It is easy to dismiss much of what is written and disseminated through conferences and seminars as irrelevant to what real managers do on a day-to-day basis. It is easy to assume that they continue to do what they have always done. But the fact is that new ideas and concepts shape how we think about the role of managers in a changing business environment.
Think about how the job of the manager has changed in the past few decades. What is needed in today's business world, it is almost universally agreed, is a lighter touch on the reins, a more intelligent use of human resources, and a more empowering style of management. Today the manager is seen as a leader and facilitator rather than controller and policeman. At the same time, the sort of environment and organization in which managers operate is changing to fit new conceptions of what a business should look like. The fundamental understanding or psychological contract between the manager and the organization is being transformed by redefinitions of the employee/employer relationship.
Where do such notions come from? From the management thinkers, of course. From the thousands of business books, articles, case studies, and models that are produced each year. These have a constant drip, drip, drip effect on the consciousness of managers everywhere. A steady flow of new ideas is redefining what managers should be doing, how they should be doing it, and, critically, how their job performance is evaluated. Today's theory is often tomorrow's task.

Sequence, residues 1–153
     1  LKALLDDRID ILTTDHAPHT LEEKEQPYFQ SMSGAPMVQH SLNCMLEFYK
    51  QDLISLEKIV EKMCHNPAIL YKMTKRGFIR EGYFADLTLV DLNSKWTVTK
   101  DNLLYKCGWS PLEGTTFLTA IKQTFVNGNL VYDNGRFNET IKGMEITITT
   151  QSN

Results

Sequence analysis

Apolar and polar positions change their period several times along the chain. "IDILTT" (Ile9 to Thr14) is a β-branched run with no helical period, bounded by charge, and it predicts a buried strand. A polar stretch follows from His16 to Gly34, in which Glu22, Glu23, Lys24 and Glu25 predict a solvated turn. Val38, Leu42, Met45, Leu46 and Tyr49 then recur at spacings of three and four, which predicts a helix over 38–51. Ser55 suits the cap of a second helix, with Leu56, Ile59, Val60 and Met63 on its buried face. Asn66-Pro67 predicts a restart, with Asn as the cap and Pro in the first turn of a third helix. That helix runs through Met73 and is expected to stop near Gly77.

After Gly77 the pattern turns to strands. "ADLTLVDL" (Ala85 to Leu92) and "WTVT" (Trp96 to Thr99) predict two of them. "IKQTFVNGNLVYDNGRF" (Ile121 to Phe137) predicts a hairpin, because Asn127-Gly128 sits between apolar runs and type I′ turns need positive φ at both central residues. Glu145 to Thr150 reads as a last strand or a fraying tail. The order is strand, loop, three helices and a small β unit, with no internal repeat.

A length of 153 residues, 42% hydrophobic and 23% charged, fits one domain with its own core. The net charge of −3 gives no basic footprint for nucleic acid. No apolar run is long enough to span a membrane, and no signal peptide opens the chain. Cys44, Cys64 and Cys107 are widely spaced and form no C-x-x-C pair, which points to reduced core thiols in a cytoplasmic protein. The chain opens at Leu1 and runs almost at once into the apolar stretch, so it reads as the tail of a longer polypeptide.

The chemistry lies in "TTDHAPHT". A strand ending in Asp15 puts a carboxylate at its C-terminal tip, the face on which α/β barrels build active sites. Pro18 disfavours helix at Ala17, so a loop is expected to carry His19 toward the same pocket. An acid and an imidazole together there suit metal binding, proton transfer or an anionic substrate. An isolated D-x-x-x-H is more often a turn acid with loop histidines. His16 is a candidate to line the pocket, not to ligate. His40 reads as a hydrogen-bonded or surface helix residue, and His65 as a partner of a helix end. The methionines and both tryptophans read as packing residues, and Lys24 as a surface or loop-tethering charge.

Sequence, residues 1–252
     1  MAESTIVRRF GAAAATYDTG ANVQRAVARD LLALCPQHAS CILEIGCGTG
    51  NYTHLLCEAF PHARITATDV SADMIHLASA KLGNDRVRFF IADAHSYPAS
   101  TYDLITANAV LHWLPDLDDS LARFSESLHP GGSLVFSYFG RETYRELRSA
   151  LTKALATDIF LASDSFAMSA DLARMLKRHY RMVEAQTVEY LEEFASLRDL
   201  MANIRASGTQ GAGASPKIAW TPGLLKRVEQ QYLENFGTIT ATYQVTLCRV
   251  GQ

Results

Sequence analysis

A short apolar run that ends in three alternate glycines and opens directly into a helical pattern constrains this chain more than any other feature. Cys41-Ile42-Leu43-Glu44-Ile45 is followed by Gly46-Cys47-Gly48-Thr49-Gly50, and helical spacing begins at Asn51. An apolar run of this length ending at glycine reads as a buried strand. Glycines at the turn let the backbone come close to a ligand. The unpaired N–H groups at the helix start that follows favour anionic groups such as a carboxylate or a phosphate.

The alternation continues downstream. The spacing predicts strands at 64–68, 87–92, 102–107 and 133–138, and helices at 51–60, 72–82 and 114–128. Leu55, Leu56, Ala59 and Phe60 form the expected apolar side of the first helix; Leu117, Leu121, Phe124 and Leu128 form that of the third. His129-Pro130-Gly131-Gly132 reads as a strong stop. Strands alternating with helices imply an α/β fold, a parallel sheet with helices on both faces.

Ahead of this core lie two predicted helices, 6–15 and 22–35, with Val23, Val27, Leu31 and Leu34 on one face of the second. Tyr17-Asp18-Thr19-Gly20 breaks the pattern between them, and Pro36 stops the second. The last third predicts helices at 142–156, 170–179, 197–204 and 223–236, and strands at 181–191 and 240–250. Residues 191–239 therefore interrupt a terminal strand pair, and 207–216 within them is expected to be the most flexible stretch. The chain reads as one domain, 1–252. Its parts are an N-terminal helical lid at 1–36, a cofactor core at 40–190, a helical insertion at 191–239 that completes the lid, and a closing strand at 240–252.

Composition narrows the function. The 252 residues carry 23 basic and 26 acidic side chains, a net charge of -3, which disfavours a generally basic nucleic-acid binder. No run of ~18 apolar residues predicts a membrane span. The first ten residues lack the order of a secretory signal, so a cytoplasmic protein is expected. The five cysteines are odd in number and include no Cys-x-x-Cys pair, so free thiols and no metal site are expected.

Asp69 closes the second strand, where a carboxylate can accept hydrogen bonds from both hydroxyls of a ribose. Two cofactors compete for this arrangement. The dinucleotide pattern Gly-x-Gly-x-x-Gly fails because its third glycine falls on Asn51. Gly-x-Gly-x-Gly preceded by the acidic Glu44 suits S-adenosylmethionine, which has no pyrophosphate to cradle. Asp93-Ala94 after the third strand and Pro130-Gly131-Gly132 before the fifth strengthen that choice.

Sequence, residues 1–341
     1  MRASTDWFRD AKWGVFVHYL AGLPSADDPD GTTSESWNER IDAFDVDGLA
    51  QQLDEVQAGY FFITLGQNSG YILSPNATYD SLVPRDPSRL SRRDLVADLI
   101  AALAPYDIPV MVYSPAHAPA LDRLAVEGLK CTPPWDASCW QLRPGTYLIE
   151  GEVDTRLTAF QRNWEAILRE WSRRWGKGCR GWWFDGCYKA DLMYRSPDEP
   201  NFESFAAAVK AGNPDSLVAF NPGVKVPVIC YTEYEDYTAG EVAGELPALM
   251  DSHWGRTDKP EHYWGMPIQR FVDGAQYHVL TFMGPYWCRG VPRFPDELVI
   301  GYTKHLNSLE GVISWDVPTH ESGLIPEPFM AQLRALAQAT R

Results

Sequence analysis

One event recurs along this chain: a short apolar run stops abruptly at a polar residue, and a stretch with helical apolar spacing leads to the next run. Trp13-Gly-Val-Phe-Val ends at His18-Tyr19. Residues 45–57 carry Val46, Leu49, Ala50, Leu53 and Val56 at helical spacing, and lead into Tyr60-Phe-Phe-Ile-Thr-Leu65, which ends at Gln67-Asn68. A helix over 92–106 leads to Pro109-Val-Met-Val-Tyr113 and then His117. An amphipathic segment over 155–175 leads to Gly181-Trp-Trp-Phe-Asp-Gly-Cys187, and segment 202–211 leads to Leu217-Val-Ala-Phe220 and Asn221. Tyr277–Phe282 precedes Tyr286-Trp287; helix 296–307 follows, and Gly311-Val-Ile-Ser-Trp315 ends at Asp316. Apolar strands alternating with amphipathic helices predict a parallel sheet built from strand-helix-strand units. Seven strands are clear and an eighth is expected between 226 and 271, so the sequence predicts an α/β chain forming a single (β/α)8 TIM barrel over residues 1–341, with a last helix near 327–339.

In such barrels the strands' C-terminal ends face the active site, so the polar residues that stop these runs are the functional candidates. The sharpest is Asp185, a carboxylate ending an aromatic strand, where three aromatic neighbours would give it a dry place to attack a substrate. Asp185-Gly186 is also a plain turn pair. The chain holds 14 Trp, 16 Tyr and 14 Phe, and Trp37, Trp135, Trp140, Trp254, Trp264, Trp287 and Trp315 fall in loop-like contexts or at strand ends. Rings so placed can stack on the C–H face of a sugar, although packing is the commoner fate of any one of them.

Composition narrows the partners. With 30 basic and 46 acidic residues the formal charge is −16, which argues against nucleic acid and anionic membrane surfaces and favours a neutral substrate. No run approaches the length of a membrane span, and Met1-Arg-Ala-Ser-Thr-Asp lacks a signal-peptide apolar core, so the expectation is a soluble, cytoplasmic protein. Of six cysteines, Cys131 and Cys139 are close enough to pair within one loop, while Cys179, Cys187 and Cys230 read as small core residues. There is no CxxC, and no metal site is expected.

Just as the best theory is (or should be) derived from the real world, so the real world is changed by the promulgation of the theory. The great business school and consulting concepts are theory created out of practice, which is then presented back into the workplace as best practice. New ideas about business change both the terms of reference by which real managers operate and the yardsticks by which their performance is measured. The unavoidable conclusion is that ideas influence what real managers do.
Shortening idea life cycles
In today's fast-forward business world, too, the speed with which new ideas gain currency is accelerating. In recent years the flow of ideas has become a torrent. The advent of electronic communication has turbo-charged the process. Ideas travel further and faster than ever before. Just as product life cycles have shortened, so too has the life cycle of business ideas.
The trend is confirmed by four academics from the University of Louisiana.1 They studied the life cycles of 16 managerial fashions from the 1950s to the end of the 1990s. Their results, published in the Fall 2000 edition of the American Academy of Management Journal, make interesting reading. They suggest that management fads follow the same bell-shaped life cycle curve as products. The fashions of the 1950s, 1960s, and 1970s were relatively simple to understand and to put into practice. Their life cycle, from inception to fashion status, averaged 15 years. But by the end of the 1990s, the life cycle of a management theory had dropped to just three years.
Such rapid promulgation makes it harder to assess the validity - or usefulness - of any new idea or theory. It also makes it much harder to identify who today's best business minds are.
1 Carson, P.P., Lanier, P.A., Carson, K.D., and Guidrey, B.N. (2000) `Clearing a path through the management fashion jungle,` American Academy of Management Journal, 43:6, Fall.
In a business world where information overload is already a major cause of stress, the choice is either a desperate attempt to read and assimilate everything - or ignore it altogether. Most managers are caught in the middle, reading what they can when they can and trying to sort the nuggets from the rest. Business Minds aims to help them in that task.